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Thousands Feared Dead In Philippines After Super Typhoon

The death toll could rise as high as 10,000 after Typhoon Haiyan laid waste to the eastern swath of the island nation. Host Rachel Martin speaks with Aaron Aspi, a communications officer with World Vision Philippines, a Christian relief organization.
NPR

China Plots Its Economic Future

China's leaders are meeting to plan which direction they want the country to head economically. NPR's Shanghai correspondent Frank Langfitt joins host Rachel Martin to discuss what is expected from the meeting.
NPR

Nazi Hunter Dedicates Career To Pursuing Justice

Eli Rosenbaum has spent much of his career at the Department of Justice, identifying and deporting Nazi war criminals. He tells NPR's Rachel Martin about the first time he became aware of the Nazis, the sense of duty he feels to pursue justice for the victims, and the surreal experience of questioning suspects about atrocities committed decades ago.
NPR

Thousands Feared Dead After Typhoon Haiyan

The vicious typhoon that raged through the center of the Philippines appears to have killed hundreds, if not thousands of people, and officials were reportedly struggling Sunday to distribute aid to survivors left homeless and destitute.
NPR

'Ferrari Of Space' Crashing Back To Earth — Maybe Tomorrow

Sometime Sunday or early Monday, a 2,425-pound satellite that ran out of fuel last month and began falling from its already low orbit will plunge back to Earth. About a quarter of the European Space Agency's satellite is expected to survive re-entry and strike somewhere on the planet.
NPR

75 Years Ago, Kristallnacht Presaged The Holocaust

It was once impossible to imagine Germany without Jews. You only have to look at the Yiddish language to have a sense how richly the Jewish experience was integrated in the cultural life of Germany. That ended in the most vicious and heinous manner, 75 years ago Saturday, in what became known as Kristallnacht — "The Night of Broken Glass." The broken glass was from Jewish homes and buildings, and came to symbolize shattered Jewish lives. Some also consider it the start of the Holocaust. Back in 1988, NPR reporter Ketzel Levine pulled together some of the sounds of that period. This is an excerpt from that story.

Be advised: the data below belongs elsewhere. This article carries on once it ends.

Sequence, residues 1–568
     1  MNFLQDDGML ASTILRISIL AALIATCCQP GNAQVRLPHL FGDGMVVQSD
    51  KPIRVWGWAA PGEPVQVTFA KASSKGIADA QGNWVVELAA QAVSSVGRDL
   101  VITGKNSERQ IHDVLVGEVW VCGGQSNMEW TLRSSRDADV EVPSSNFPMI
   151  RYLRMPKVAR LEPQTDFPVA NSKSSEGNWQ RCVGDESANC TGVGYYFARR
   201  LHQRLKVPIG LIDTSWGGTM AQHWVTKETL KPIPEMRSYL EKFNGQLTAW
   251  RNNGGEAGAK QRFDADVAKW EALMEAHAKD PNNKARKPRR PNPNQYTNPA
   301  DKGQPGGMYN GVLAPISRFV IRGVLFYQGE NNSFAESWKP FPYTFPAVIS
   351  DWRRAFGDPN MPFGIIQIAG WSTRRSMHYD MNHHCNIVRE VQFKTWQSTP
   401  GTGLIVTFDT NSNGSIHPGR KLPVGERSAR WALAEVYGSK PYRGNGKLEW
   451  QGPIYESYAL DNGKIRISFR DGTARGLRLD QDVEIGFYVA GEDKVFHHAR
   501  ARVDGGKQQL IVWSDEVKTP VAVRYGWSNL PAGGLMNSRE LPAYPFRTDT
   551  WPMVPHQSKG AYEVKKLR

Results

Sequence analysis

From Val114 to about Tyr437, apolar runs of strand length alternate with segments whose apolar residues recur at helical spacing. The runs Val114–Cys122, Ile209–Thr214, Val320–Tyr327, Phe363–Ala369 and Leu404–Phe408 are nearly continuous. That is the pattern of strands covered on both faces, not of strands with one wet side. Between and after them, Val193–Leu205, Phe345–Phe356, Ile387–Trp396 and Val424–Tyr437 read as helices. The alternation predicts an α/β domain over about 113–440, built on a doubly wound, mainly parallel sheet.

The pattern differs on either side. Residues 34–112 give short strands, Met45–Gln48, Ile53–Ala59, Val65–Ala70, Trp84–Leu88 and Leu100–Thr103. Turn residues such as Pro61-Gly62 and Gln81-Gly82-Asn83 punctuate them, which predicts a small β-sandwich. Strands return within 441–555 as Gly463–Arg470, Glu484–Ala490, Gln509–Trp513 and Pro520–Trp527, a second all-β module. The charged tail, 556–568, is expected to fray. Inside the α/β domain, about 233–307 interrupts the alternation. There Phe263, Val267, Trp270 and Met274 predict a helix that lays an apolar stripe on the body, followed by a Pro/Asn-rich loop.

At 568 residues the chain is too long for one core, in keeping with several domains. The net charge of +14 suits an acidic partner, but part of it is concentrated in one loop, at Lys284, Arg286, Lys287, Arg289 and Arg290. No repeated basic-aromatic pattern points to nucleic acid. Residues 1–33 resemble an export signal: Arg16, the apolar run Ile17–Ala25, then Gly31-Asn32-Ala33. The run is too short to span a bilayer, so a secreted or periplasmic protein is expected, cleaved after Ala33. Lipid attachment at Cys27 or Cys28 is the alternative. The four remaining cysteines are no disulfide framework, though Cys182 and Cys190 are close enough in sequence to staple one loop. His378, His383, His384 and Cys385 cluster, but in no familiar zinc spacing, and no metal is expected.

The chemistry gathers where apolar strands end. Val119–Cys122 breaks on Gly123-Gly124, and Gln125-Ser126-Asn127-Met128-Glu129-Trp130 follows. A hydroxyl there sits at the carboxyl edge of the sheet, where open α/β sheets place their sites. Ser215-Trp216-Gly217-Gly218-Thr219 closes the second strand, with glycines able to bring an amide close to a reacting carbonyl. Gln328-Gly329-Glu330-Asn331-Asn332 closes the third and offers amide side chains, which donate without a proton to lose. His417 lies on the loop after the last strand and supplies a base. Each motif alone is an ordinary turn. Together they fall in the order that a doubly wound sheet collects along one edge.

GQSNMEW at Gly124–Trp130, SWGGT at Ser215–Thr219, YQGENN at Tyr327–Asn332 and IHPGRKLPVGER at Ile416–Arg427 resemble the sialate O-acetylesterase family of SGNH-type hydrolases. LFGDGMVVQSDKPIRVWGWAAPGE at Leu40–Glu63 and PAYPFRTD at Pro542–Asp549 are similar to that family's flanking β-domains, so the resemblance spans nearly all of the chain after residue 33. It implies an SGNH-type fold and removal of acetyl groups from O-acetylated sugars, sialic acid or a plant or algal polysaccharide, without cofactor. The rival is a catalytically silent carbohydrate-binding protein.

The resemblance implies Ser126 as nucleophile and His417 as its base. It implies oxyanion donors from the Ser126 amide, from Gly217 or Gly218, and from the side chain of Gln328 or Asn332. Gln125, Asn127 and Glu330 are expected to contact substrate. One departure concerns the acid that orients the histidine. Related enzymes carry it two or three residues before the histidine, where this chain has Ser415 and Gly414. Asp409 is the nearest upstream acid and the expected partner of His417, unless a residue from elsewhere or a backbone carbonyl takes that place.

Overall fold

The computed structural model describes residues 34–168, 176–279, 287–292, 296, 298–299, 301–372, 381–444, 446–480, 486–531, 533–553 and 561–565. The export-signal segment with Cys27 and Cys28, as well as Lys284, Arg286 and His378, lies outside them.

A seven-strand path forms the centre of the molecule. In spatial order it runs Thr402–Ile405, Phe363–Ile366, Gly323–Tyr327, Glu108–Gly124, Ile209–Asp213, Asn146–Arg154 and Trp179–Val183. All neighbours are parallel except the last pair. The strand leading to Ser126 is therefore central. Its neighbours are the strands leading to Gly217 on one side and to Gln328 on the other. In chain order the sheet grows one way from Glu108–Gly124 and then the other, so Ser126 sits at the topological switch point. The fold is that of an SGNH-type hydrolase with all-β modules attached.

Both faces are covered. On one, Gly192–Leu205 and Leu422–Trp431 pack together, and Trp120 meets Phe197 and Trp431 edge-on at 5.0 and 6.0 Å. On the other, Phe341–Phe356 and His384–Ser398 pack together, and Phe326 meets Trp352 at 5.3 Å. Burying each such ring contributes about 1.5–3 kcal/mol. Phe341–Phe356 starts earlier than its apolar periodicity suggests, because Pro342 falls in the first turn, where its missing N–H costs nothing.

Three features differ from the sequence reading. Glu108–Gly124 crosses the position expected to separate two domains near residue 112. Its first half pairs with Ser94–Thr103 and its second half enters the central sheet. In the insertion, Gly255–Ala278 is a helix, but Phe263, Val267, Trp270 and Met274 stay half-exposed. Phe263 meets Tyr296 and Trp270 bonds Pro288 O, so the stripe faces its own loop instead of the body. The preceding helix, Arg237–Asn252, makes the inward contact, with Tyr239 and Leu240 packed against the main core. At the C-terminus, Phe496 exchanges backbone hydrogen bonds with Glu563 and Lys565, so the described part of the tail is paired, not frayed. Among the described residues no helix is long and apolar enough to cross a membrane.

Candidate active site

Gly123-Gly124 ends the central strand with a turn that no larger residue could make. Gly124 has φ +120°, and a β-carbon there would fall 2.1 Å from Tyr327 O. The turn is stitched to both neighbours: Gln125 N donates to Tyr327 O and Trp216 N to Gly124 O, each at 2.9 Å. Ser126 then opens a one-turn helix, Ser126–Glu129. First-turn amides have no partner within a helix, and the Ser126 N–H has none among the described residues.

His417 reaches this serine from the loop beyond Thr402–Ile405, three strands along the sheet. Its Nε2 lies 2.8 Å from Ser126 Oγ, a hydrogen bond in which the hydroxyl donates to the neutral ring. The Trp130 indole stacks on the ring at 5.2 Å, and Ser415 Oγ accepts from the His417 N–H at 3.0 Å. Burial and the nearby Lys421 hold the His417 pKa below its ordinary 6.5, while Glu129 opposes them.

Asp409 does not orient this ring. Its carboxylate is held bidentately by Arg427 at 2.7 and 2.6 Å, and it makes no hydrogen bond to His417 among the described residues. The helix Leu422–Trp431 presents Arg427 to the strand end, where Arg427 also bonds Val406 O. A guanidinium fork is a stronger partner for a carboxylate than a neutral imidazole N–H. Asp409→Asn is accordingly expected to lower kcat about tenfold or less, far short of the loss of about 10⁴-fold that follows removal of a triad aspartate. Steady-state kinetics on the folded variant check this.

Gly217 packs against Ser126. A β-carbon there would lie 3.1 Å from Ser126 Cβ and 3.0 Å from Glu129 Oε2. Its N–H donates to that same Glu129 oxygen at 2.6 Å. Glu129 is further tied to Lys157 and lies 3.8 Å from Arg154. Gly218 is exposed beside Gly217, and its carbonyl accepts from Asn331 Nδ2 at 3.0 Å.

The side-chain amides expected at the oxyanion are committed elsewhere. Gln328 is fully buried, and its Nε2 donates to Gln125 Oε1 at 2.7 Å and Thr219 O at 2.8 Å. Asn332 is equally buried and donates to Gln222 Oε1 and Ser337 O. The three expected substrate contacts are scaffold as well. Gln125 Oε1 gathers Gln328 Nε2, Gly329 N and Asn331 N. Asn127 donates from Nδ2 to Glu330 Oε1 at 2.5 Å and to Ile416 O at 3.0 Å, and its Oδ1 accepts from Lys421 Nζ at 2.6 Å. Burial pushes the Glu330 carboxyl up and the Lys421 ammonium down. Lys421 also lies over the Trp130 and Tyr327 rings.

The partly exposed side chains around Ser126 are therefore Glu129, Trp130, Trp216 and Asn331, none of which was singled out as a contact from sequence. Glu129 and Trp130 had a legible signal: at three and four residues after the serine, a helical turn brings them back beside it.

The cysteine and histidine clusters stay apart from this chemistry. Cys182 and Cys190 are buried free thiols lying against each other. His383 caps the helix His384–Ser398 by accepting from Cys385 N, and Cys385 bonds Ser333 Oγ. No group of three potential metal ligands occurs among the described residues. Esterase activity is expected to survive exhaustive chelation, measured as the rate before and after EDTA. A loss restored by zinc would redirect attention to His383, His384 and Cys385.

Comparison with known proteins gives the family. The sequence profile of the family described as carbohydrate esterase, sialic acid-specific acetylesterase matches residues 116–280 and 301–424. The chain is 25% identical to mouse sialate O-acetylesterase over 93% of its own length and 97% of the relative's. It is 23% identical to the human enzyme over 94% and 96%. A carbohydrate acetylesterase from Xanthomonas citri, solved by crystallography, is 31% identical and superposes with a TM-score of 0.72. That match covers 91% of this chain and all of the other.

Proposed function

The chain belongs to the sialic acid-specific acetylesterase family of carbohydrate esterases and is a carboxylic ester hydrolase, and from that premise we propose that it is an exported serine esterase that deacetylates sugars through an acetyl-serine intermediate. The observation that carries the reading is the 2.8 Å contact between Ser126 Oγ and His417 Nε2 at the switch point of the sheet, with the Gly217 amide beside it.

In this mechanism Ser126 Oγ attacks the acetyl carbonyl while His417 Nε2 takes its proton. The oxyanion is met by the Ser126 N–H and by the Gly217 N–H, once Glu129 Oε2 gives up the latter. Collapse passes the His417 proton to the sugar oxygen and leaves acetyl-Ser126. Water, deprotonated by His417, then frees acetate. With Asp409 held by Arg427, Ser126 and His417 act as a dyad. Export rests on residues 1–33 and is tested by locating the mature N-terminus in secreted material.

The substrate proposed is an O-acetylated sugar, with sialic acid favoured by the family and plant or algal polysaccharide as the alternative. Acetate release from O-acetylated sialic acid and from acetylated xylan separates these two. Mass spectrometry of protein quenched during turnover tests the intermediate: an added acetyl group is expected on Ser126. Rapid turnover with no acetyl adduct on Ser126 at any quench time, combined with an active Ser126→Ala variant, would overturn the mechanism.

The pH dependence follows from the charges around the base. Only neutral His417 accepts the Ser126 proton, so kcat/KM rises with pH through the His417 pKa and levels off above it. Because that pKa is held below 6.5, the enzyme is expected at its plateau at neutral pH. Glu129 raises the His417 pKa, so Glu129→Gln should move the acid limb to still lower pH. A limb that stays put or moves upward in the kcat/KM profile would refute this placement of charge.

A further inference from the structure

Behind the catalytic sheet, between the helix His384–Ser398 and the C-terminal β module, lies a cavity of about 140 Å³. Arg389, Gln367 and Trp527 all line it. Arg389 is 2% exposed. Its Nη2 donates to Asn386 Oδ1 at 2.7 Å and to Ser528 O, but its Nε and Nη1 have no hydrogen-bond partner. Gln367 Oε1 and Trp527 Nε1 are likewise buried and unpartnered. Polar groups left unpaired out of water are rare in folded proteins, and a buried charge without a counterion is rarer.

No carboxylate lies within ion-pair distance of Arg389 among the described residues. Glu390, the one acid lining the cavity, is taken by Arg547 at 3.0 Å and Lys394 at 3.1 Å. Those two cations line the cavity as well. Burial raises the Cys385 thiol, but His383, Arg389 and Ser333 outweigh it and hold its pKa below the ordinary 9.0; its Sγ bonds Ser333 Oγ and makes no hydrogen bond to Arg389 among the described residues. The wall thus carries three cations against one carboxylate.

NPR

In Egypt, Ousted President's Appearance Brings Fresh Clashes

Protests in Egypt continued this week following ousted president Mohamed Morsi's appearance in court, the first time he's been seen in public since the July 3 military coup that toppled his democratically elected government. NPR Cairo correspondent Leila Fadel speaks with host Arun Rath about Egypt's prospects for getting back on a path to democracy.
NPR

Edward Snowden's NSA Revelations Keep Coming

Since June, documents leaked by National Security Agency contractor Edward Snowden have produced revelation upon revelation about the nation's top-secret intelligence gathering operations. The latest information, about U.S. spying on foreign leaders, has angered even some dependable U.S. allies. New York Times national security reporter Scott Shane, and Sen. Ron Wyden, D-Ore., a senior member of the Senate Intelligence Committee, discuss the latest Snowden-related leaks.
NPR

Stash Of Nazi-Looted Art Is Discovered

This week, a German magazine broke the story of a billion dollars worth of art that was found in a Munich apartment. It's the largest discovery ever of Nazi-looted artwork. Guest host Don Gonyea talks with Alexander Forbes from the website BlouinArtinfo.com about the discovery.
NPR

Bearing Witness To Nazis' Life-Shattering Kristallnacht

On Nov. 9, 1938, the Nazis burned down synagogues, destroyed Jewish businesses and arrested more than 26,000 Jews. Germans and Jews alike are still grappling with the legacy, 75 years later. Margot Friedlander is one survivor, who has returned to Berlin after decades of exile.

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